Not all of the country’s land is suitable for farming, let alone coffee-farming. The Western Lowlands and Highlands have a special type of soil that’s perfect for growing coffee. It’s a dark clay that’s full of nutrients, so anything can grow — including food and agriculture.

Ethiopia is a unique country in that there are varying micro-climates within each region as well as elevation, rainfall, etc. That’s why if you want true specialty coffee, you can’t just look at the variety or region on the package. When making your purchase, keep this in mind, so don’t fall for cheap mass-produced coffee that’s not ethically sourced.

Ethiopian coffee types + (Longberry, Shortberry, and Mocha)

Most specialty Ethiopian coffee is grown in three main regions: Sidama, Yirgacheffe and Harrar. The coffee you buy will likely have one of three trademarked names.

Sidama — is a region south of the capital, Addis Abeba. It’s made up of 20 administrative areas that vary in altitude and climate. Sidama has the magic, dark clay soil that supports healthy coffee plants at an altitude of 5,000-7,000 ft above sea level. 

Yirgacheffe — is a small area in the Sidama region. It has its own Coffee Farmers’ Union with 28 members who represent over 45,000 member farmers. Yirgacheffe is known for having a large variety of Ethiopian Yirgacheffe coffee beans, adding to the depth of flavor you get in your cup.

Harrar — is no longer a separate region, but posthumously kept the name to avoid any confusion. Ethiopian Harrar coffee beans produce coffee with an intense flavor profile that’s fruity and floral. Harrar coffee is notably heavy-bodied. Coffee growers have identified three distinct types of coffee fruit — longberry, shortberry and Mocha. We’ll look at the difference between them in the next section.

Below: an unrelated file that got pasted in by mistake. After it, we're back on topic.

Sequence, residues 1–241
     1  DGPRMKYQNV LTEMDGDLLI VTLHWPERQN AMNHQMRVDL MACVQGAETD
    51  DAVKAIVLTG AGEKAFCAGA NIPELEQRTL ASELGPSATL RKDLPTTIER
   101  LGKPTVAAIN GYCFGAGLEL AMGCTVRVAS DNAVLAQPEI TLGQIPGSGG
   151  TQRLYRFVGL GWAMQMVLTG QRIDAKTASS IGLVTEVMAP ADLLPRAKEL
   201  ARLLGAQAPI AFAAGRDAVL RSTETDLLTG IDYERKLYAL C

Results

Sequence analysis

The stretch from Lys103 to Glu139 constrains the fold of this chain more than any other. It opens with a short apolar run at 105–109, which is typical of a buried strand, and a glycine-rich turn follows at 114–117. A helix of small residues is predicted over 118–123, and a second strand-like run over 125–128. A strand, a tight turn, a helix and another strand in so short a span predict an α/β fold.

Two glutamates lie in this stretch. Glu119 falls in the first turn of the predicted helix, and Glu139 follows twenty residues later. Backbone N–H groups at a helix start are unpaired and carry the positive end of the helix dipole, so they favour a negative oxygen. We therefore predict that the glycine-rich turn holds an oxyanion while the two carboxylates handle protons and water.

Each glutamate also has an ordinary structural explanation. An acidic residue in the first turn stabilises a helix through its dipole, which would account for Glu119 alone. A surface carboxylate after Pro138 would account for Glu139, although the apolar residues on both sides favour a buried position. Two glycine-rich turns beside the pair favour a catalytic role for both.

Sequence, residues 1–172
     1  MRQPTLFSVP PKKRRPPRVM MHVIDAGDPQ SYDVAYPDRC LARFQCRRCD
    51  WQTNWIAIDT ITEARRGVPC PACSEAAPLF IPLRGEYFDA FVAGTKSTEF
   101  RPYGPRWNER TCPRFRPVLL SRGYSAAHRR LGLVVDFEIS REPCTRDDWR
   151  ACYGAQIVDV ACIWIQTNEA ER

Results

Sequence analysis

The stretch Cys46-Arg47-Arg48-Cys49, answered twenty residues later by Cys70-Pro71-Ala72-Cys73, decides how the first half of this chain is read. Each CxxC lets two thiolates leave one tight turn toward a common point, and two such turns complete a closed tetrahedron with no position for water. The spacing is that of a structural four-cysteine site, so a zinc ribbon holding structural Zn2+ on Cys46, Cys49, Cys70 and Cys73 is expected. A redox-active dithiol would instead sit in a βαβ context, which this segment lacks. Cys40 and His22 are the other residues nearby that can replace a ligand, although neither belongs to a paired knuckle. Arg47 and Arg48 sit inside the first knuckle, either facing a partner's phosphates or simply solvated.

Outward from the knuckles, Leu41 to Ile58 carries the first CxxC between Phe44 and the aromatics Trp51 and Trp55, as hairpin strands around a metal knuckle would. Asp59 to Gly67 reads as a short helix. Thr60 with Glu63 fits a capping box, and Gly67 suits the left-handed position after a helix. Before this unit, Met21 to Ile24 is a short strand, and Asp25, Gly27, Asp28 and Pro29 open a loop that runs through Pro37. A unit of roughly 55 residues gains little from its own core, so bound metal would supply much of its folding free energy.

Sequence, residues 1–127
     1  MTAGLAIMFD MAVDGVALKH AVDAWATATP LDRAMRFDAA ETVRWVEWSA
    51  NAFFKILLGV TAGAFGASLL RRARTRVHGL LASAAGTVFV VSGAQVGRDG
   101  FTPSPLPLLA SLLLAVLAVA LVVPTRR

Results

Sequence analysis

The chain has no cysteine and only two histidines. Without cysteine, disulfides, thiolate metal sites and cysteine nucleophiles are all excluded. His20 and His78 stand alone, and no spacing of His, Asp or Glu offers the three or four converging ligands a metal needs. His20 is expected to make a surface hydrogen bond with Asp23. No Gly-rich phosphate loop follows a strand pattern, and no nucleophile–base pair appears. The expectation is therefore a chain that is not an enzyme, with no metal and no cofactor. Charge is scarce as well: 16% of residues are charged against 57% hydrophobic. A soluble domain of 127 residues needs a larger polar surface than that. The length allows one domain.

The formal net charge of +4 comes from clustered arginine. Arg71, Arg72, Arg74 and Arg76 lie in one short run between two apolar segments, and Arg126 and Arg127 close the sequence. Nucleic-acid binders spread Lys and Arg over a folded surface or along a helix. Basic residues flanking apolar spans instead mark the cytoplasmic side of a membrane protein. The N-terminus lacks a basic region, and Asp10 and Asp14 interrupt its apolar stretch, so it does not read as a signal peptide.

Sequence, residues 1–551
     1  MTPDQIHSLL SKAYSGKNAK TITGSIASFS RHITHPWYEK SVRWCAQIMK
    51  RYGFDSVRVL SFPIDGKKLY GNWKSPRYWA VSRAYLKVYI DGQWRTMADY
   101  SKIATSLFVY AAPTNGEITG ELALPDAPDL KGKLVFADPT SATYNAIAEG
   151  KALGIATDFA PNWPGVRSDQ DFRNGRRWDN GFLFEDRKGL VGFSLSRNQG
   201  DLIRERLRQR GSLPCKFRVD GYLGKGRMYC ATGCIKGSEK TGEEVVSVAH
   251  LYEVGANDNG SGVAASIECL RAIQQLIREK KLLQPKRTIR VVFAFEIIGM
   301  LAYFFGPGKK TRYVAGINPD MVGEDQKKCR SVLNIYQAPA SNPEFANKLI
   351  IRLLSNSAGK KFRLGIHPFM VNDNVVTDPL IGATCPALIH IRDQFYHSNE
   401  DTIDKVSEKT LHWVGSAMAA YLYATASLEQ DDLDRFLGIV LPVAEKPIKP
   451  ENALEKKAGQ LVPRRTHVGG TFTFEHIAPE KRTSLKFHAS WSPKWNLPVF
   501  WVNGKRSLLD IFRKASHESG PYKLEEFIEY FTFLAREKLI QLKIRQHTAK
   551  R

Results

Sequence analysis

Honorable mentions 

These areas aren’t as well known as the big three above, but each has its charm. Remember, you’re still buying Ethiopian coffee — and many brands offer the same Organic Certified, Fair Trade and Kosher certifications.

Jimma — another area that produces Ethiopian coffee. It’s home to the Jimma Research Center, an institution that specializes in researching how to improve the yield of coffee and spices. As you can see, Ethiopians do take their coffee seriously.

Limu — an area in the Oromia Region, located near Jimma. Coffee here is fruity, with citrus tones and right in the middle of bold and body. 

Longberry, Shortberry, Peaberry and Mocha

Harrar beans can be split up into three grades: longberry, shortberry and mocha.

Longberry is the largest coffee bean grade.

Shortberry is the smaller size bean grade.

Peaberry refers to coffee beans where only one bean is fertilized instead of two, resulting in a smaller bean. This mutation affects around 5% of coffee beans. However, there are coffee varieties that look similar.

Mocha is a variety of coffee originating in Mocha, Yemen. The beans are hard and small, resembling a peaberry shape.

Hopefully, we’ve piqued your interest. The next step is to introduce you to our Top Picks for the highest-rated Ethiopian coffee.

Our top 5 picks for best Ethiopian coffee